> The focus of this post will be on describing the building blocks of RSA Accumulators, how we can construct proofs of (non-)membership as well as batch them across multiple blocks. This particular technique also has applications in UTXO-Based Plasma, and has given birth to the Plasma Prime variant. A lot of effort is being put into designing an accumulator that allows compaction of the UTXO-set in Plasma.
Probability and the Real World
> What aspects of the real world involve chance? What does mathematical probability tell about about those aspects? What concepts from mathematical probability can be illustrated by interesting contemporary real data? This web site records my efforts to articulate some answers to such questions. It is aimed at readers who have either read some “popular science” style account of probability, or taken a college course involving probability. So I won’t explain very basic stuff, and I mostly avoid discussing material easily found elsewhere.
The beginning of Public-key cryptography
> “Can the reader say what two numbers multiplied together will produce the number 8616460799? I think it unlikely that anyone but myself will ever know”
> -William S Jevons, The Principles of Science, 1874
My Favorite Paradox
> Here is Simpson’s Paradox once again.
> Trends which appear in groups of data may disappear or reverse when the groups are combined.
> I love this because every layer you peel off can invert your conclusion. At first glance B is better. Look deeper and A is better. Look deeper still and B may be better again.
A Fairly Fast Fibonacci Function
> Fair warning: this is a bit of rabbit hole, with no other purpose than to optimize the hell out something for which there is frankly no practical use. But we get to do a bit of linear algebra and try out some pretty interesting optimization techniques; that’s what I call a good time!
Faster remainders when the divisor is a constant: beating compilers and libdivide
> Not all instructions on modern processors cost the same. Additions and subtractions are cheaper than multiplications which are themselves cheaper than divisions. For this reason, compilers frequently replace division instructions by multiplications. Roughly speaking, it works in this manner. Suppose that you want to divide a variable n by a constant d. You have that n/d = n * (2N/d) / (2N). The division by a power of two (/ (2N)) can be implemented as a right shift if we are working with unsigned integers, which compiles to single instruction: that is possible because the underlying hardware uses a base 2. Thus if 2N/d has been precomputed, you can compute the division n/d as a multiplication and a shift. Of course, if d is not a power of two, 2N/d cannot be represented as an integer. Yet for N large enough, we can approximate 2N/d by an integer and have the exact computation of the remainder for all possible n within a range. I believe that all optimizing C/C++ compilers know how to pull this trick and it is generally beneficial irrespective of the processor’s architecture.
> Can we do better? It turns out that in some instance, we can beat both the compilers and a library like libdivide.
The Curious Case of Convexity Confusion
> There are several things worth highlighting about this bug. Firstly, computational geometry is hard. Seriously. I have some experience with it and, while I can’t say I’m an expert I know that much at least. Handling all the special cases correctly is a pain, even without considering security issues. And doing it using floating point arithmetic might as well be impossible. If I was writing a graphics library, I would convert floats to fixed-point precision as soon as possible and wouldn’t trust anything computed based on floating-point arithmetic at all.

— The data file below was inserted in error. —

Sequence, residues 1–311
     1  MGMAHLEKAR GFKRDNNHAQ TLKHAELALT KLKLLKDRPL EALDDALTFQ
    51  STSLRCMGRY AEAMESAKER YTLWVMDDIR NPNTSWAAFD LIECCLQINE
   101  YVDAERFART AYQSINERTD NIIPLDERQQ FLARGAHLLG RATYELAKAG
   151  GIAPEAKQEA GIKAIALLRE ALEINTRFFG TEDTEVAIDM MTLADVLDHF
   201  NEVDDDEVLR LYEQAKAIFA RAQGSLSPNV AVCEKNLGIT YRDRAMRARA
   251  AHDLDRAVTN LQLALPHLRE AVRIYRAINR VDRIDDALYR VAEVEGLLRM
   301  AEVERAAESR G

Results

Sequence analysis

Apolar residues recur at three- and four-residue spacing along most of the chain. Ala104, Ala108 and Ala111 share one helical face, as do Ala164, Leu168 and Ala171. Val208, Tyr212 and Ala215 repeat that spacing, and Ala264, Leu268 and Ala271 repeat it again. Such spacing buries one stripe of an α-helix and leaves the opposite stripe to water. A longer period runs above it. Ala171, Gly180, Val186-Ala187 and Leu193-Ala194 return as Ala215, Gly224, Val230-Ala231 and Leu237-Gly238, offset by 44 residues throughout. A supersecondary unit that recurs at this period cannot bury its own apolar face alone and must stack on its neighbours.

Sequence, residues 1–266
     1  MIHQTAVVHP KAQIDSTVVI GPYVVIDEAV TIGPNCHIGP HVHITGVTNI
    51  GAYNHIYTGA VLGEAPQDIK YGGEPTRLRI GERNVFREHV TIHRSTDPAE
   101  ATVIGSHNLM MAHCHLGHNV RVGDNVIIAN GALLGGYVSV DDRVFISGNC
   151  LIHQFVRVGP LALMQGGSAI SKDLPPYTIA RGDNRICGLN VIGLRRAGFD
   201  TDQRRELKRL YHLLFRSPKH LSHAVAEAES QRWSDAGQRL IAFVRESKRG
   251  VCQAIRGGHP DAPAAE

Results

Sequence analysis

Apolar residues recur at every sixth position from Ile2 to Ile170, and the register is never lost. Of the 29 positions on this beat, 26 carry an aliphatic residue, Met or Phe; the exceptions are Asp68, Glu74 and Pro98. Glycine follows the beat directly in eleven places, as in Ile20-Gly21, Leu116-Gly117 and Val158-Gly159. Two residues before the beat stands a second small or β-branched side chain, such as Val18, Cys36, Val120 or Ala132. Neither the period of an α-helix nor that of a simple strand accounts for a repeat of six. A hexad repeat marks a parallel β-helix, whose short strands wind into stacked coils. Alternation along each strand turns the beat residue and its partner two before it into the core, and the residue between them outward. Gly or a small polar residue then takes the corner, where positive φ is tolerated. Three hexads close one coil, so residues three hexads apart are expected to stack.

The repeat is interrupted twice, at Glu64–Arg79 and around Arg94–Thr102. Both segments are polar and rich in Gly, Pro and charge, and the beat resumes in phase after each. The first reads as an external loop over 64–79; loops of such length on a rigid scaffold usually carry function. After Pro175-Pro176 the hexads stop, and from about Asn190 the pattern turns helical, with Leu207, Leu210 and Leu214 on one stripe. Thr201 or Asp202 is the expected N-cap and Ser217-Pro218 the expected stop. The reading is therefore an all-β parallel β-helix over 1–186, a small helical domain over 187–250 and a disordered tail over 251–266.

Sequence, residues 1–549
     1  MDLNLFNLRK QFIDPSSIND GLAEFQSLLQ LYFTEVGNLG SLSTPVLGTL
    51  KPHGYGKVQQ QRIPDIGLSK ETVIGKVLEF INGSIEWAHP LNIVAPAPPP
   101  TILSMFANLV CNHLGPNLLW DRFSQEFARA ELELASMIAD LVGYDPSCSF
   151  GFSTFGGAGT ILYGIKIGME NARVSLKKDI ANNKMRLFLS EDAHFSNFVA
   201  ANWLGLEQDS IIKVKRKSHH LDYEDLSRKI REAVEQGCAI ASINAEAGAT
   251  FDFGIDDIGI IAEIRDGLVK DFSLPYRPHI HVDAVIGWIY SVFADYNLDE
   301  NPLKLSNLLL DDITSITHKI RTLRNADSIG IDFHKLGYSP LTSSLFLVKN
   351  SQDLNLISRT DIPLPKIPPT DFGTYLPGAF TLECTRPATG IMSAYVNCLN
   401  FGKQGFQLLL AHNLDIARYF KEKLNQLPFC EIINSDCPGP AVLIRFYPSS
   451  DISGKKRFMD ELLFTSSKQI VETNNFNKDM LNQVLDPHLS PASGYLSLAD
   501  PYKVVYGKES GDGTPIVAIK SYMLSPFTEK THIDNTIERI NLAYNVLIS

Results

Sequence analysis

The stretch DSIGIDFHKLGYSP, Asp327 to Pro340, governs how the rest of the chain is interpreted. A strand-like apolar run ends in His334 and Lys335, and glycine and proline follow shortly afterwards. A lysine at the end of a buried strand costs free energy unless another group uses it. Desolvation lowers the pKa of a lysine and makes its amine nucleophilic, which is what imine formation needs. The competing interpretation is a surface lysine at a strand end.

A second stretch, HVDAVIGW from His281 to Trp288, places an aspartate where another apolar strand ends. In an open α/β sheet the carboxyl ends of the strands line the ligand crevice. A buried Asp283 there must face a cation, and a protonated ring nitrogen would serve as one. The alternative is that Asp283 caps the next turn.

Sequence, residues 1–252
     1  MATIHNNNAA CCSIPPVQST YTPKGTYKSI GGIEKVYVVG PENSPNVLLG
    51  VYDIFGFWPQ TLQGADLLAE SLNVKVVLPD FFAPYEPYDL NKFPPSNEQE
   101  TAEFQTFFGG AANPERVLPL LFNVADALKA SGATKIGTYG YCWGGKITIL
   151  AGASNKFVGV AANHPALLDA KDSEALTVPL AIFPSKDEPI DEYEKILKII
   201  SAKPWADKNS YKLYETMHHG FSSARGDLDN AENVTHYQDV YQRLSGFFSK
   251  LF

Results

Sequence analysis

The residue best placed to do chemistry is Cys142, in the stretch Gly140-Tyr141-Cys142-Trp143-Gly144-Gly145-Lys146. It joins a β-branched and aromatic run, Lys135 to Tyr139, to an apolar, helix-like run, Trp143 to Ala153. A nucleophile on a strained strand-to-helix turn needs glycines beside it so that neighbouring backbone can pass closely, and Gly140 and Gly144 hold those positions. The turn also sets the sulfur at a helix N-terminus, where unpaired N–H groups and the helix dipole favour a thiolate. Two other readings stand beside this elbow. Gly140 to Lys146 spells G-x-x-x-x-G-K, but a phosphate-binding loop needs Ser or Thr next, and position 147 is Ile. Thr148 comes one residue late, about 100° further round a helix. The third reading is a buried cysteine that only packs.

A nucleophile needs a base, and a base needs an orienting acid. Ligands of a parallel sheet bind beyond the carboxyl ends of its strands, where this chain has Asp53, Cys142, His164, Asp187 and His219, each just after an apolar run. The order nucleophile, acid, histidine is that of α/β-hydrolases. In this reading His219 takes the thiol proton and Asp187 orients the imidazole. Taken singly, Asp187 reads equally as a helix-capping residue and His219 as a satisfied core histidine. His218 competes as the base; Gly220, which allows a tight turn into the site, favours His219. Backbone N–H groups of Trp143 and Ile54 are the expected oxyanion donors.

> Secondly, the issue highlights the importance of doing variant analysis - I discovered it based on a public bug report and other people could have done the same.
> Thirdly, it highlights the importance of defense-in-depth. The latest patch makes sure that drawing a concave path with convex path algorithms won’t result in memory corruption, which also addresses unknown variants of convexity issues. If this was implemented immediately after the initial report, Project Zero would now have one blog post less :-)
Big Integer Design
> This page explains the design and implementation of operations on big (modular) integers, used for RSA and generic elliptic curve computations.
> This section describes the mathematical foundations of the algorithms implemented in BearSSL. This is in no way an exhaustive treaty of computations on big integers; there are many representations and algorithms that are not shown here. These algorithms are the ones that are used in BearSSL (except Karatsuba multiplication, which is briefly exposed below, but not used in BearSSL right now).
> Imagine you compressed a file using your favorite compression algorithm, but you realize that there was a typo in the file. You then correct it, adding a single bit to the original file.
> Compress it again and you get a much larger compressed file… for just a one-bit difference! Much compression algorithms do not have this strange behavior, but for LZ’78, one of the most famous of them, this surprising scenario might well happen. This is what we will overview in this post.
> I’ve recently been looking into a fascinating corner of mathematics that at first glance appears a little bit silly, but actually has far-reaching applications, from physics to numerical methods to machine learning. I thought I’d share what I’ve learned over the next few episodes.
> I assume you recall what a complex number is, but perhaps not all of the details. A complex number is usually introduced as a pair of real numbers (a, b), where a is called the “real part” and b is called the “imaginary part”.
> A brief aside: it has always bugged me that these labels are unnecessarily value-laden. There is no particular “reality” that is associated with the real part; it is every bit as “imaginary” as the imaginary part. They might as well be called the “rezrov part” and the “gnusto part”, but we’re stuck with “real” and “imaginary”. Moving on.